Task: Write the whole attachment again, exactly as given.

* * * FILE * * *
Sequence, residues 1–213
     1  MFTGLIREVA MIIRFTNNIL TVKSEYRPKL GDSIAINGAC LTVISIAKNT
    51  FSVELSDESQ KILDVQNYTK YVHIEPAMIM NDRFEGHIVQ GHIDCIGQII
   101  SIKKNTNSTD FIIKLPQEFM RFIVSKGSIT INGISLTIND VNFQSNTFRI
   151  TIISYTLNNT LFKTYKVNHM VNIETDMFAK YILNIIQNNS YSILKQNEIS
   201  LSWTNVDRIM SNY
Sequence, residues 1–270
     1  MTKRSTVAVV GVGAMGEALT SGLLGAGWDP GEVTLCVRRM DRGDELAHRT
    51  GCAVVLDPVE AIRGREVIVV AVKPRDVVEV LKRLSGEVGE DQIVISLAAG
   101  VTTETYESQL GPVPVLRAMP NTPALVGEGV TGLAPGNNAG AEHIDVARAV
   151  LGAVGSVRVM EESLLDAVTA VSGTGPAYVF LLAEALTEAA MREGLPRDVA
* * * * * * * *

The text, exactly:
Sequence, residues 1–213
     1  MFTGLIREVA MIIRFTNNIL TVKSEYRPKL GDSIAINGAC LTVISIAKNT
    51  FSVELSDESQ KILDVQNYTK YVHIEPAMIM NDRFEGHIVQ GHIDCIGQII
   101  SIKKNTNSTD FIIKLPQEFM RFIVSKGSIT INGISLTIND VNFQSNTFRI
   151  TIISYTLNNT LFKTYKVNHM VNIETDMFAK YILNIIQNNS YSILKQNEIS
   201  LSWTNVDRIM SNY
Sequence, residues 1–270
     1  MTKRSTVAVV GVGAMGEALT SGLLGAGWDP GEVTLCVRRM DRGDELAHRT
    51  GCAVVLDPVE AIRGREVIVV AVKPRDVVEV LKRLSGEVGE DQIVISLAAG
   101  VTTETYESQL GPVPVLRAMP NTPALVGEGV TGLAPGNNAG AEHIDVARAV
   151  LGAVGSVRVM EESLLDAVTA VSGTGPAYVF LLAEALTEAA MREGLPRDVA